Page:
From Strategic Culture
Beyond the general concerns regarding the nomination of John Bolton as National Security Adviser, there is also the specific issue of his impending access to the most highly classified intelligence information that the United States possesses.
There are a number of reasons why Bolton should be denied a clearance, including his well-known record of abusing subordinates at the State Department and colleagues at the United Nations. Bolton also has a close personal relationship with Israel and its government that may have included divulging classified information. The Israeli connection is particularly sensitive because Bolton is beholden to casino billionaire Sheldon Adelson, who has funded his activities since he left the State Department in 2006. And Bolton knows how to return a favor, approving of Adelson's suggestion to detonate a nuclear bomb in the Iranian desert, just to warn them what might be coming.
Adelson, a major GOP donor, was displeased with Rex Tillerson and H.R. McMaster, and to have been instrumental in their removal. Both men supported the nuclear agreement with Iran and both are now gone. McMaster was also targeted as "anti-Israeli" for having opposed moving the US Embassy from Tel Aviv to Jerusalem.
Bolton's regard for Israel has included unauthorized disclosure of classified information when he was Undersecretary of State for Arms Control and International Security. He collaborated with the Israelis, often without the State Department being aware of what he was doing, to justify a US attack on Iran. The strategy to bring about a war included diplomatic pressure, crude propaganda, and the production of fabricated evidence by Mossad.
Bolton was technically under the supervision of Secretary of State Colin Powell, but he violated existing State Department regulations by taking a series of secret trips to Israel in 2003 and 2004. Thus, when Secretary of State Colin Powell was saying administration policy was not to attack Iran, Bolton was working with the Israelis to lay the groundwork for a new war. During a February 2003 visit, Bolton assured Israeli officials in private meetings that he had no doubt the United States would take down Saddam Hussein, before dealing with Iran and Syria.
During multiple trips to Israel, Bolton had unannounced meetings, including with the head of Mossad, Meir Dagan, without the usual reporting cable to the Secretary of State. Those meetings clearly dealt with a joint strategy on how to bring about political conditions for an eventual US strike against the Iranians.
John Bolton, while serving as US ambassador to the United Nations, also went behind his boss's back to supply Israel with crucial information on American plans at the U.N. so as to redirect US policy. Dan Gillerman, who served as Israel's Ambassador to the U.N. in 2006 when Bolton was US ambassador has described how "in more than one case, Ambassador Bolton called me and alerted me to the fact that his mission -- the United States mission to the U.N. -- was about to vote against Israel and asked that I alert the prime minister, who at that time was Ehud Olmert. In more than one case the prime minister called the president, who was then George W. Bush, and got him to overrule the State Department."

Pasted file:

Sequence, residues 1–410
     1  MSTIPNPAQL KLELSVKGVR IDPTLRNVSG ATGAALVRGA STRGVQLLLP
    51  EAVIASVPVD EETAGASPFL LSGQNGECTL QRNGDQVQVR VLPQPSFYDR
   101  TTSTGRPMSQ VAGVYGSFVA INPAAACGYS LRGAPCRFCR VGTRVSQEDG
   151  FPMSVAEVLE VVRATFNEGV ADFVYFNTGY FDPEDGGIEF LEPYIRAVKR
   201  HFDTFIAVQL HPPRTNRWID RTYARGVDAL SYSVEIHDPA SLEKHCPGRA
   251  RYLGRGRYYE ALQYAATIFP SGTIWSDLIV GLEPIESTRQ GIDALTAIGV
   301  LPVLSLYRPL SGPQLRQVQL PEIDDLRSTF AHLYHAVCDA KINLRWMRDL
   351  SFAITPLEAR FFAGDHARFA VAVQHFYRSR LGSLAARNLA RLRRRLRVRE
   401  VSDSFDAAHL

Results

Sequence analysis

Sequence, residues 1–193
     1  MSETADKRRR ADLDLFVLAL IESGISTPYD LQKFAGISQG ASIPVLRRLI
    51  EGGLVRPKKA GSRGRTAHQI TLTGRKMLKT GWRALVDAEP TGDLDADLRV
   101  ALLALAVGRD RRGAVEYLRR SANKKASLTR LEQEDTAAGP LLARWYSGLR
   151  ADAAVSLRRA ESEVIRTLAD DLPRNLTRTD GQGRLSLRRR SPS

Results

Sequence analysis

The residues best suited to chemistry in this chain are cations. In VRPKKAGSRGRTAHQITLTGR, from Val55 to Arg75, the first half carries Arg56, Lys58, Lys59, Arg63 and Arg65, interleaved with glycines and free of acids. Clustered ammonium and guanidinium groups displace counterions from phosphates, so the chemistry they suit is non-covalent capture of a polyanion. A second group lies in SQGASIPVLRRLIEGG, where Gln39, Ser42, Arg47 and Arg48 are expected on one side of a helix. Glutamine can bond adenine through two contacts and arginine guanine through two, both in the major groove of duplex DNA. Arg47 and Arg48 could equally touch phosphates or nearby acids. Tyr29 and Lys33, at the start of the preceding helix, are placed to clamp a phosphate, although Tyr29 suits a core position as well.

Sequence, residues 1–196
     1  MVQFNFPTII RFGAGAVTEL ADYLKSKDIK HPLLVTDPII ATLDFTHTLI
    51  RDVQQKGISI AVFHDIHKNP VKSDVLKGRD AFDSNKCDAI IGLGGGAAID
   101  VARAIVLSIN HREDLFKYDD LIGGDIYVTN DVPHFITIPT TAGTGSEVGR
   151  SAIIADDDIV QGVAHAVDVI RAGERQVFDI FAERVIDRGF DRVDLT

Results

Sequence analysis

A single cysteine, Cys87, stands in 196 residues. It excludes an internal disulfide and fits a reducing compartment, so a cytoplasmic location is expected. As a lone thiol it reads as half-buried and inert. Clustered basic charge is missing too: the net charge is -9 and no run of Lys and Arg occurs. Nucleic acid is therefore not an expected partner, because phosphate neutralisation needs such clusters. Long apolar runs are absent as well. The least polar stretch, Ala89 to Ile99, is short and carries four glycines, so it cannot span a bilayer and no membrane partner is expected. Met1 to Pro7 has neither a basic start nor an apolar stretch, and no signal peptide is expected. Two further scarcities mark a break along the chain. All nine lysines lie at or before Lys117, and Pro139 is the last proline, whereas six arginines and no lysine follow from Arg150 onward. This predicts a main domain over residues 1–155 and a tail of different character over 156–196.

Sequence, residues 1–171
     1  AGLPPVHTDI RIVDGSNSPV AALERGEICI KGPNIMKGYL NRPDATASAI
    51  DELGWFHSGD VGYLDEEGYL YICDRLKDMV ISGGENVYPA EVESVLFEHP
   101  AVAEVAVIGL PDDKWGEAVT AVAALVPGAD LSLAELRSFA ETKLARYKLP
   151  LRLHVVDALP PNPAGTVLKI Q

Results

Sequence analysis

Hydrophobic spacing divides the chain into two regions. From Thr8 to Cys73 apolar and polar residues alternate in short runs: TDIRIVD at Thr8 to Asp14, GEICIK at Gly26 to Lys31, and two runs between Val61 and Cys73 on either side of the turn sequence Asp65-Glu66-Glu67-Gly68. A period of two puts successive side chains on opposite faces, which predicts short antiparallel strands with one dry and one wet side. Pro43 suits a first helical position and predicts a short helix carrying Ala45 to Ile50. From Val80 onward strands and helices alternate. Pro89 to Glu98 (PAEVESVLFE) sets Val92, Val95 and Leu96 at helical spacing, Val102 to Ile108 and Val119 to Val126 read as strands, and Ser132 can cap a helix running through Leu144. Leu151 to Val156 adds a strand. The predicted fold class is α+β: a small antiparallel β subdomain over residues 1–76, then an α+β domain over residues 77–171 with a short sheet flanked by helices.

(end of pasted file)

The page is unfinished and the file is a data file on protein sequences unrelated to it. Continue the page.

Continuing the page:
Bolton would regularly reach out to the Israelis to subvert positions being supported by the US government, as in August 2006 when the U.N. Security Council was considering Resolution 1701, with the purpose of ending a month-long war between Israel and Hezbollah in southern Lebanon. Bolton warned the Israelis what Secretary of State Condoleezza Rice was planning to support the initiative. Gillerman reports that "In that case John Bolton got in touch with me at about 8 o'clock in the evening, which was 3 in the morning in Israel, calling to say 'You have to call your prime minister and tell him that Condi Rice sold you out to the French.'"
Given what John Bolton did when last in office, he should never again be allowed to have access to classified information since he would clearly abuse that privilege to satisfy his own agenda. That President Trump will undoubtedly grant Bolton access to all sensitive information is discouraging, particularly as the new Adviser, supremely sure of himself and possessing a proclivity to do what he considers expedient without regard for consequences, cannot be relied upon to do the right thing when it comes to national security. He should never be granted a clearance to use top level intelligence and should never be placed in a position of authority that would permit him to do mischief.
Unfortunately, urging President Trump to reverse the Bolton decision because of the grave damage it will inevitably do to the United States is not likely to be received favorably by the White House.